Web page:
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The vaccine coverage and vaccine immunity status and risk factors of non-protective levels of antibodies against vaccines in children with juvenile idiopathic arthritis: cross-sectional Russian tertiary Centre study

Authors
  • Kostik, Mikhail M.1, 2
  • Lubimova, Natalia A.2
  • Fridman, Irina V.3
  • Goleva, Olga V.3
  • Kharit, Susanna M.3
  • 1 Saint-Petersburg State Pediatric Medical University, Lytovskaya 2, Saint-Petersburg, 194100, Russia , Saint-Petersburg (Russia)
  • 2 Almazov National Medical Research Centre, Saint Petersburg, Russian Federation , Saint Petersburg (Russia)
  • 3 Pediatric Research and Clinical Center for Infection Diseases, Saint-Petersburg, Russia , Saint-Petersburg (Russia)
Type
Published Article
Journal
Pediatric Rheumatology
Publisher
Springer Science and Business Media LLC
Publication Date
Jul 05, 2021
Volume
19
Issue
1
Identifiers
DOI: 10.1186/s12969-021-00594-2
Source
Springer Nature
Keywords
Disciplines
  • Research Article
License
Green

Abstract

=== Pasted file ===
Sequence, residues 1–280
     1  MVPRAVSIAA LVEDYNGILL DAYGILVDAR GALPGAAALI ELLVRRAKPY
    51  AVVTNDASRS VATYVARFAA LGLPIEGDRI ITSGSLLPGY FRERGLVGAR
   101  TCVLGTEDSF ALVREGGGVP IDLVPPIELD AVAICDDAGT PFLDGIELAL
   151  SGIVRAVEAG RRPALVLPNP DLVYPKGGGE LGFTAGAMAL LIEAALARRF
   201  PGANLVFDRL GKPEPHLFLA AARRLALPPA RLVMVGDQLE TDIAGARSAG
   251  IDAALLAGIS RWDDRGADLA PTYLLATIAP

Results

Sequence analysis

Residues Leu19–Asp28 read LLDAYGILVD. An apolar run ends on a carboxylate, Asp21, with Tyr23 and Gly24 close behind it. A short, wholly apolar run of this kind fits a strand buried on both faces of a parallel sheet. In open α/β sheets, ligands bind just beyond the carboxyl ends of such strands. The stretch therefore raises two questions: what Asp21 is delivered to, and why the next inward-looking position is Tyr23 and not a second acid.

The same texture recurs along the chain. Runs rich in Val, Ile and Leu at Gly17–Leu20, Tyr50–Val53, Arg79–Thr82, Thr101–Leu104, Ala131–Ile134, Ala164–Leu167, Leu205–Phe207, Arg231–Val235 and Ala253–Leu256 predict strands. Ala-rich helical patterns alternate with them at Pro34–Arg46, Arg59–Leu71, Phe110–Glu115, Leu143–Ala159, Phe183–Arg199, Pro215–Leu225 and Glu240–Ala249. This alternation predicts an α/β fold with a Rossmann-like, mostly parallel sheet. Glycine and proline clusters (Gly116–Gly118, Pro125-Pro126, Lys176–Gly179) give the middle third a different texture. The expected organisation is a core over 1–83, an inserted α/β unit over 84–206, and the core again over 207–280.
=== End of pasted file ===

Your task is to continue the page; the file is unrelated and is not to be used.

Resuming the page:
BackgroundImmunosuppressive drugs, incomplete vaccine coverage, immune system dysregulation might be factors of a low level of anti-vaccine antibodies in JIA patients. The study aimed to evaluate vaccine coverage, post-vaccine immunity, and risk factors of non-protective levels of antibodies against measles, mumps, rubella, hepatitis B, and diphtheria in JIA patients.MethodsA cross-sectional study included 170 children diagnosed with JIA aged 2 to 17 years who received routine vaccinations against measles, rubella, mumps (MMR), diphtheria, and hepatitis B national vaccine schedule. In all patients, the levels of post-vaccination antibodies (IgG) for measles, rubella, mumps, hepatitis B, and diphtheria were measured with ELISA.ResultsProtective level of antibodies were 50% against hepatitis B, 52% - diphtheria, 58% - measles, 80% - mumps, 98% rubella. MMR’s best coverage had patients with enthesitis-related arthritis-85%, compared to oligoarthritis-70%, polyarthritis-69%, systemic arthritis-63%. Diphtheria coverage was 50, 51, 46, 63%, respectively. Incomplete MMR vaccination had 39% patients, treated with biologics, 22% with methotrexate and 14% with NSAID (p = 0.025), and 61, 46, 36% for diphtheria (p = 0.021). Incomplete vaccination was a risk factor of non-protective level of antibodies against measles (HR = 2.03 [95%CI: 1.02; 4.0], p = 0.042), mumps (HR = 6.25 [95%CI: 2.13; 17.9], p = 0.0008) and diphtheria (HR = 2.39 [95%CI: 1.18; 4.85], p = 0.016) vaccines, as well as JIA category, biologics, corticosteroids and long-term methotrexate treatment for distinct vaccines. One-third part of JIA patients continued vaccination against MMR and diphtheria without serious adverse events and JIA flare. There were no differences between patients who continued MMR vaccination or denied in the means of JIA category and treatment options. Patients, continued diphtheria vaccination rare received methotrexate (p = 0.02), biologics (p = 0.004), but had higher levels of anti-diphtheria antibodies (p = 0.024) compare who omitted vaccination. Methotrexate (OR = 9.5 [95%CI: 1.004; 90.3]) and biologics (OR = 4.4 [95%CI: 1.6; 12.1]) were predictors of omitted diphtheria revaccination.ConclusionChildren with JIA may have lower anti-vaccine antibody levels and required routine checks, especially in children with incomplete vaccination, biologics, systemic arthritis, and long-term methotrexate treatment. Revaccination of JIA patients was safe and effective.

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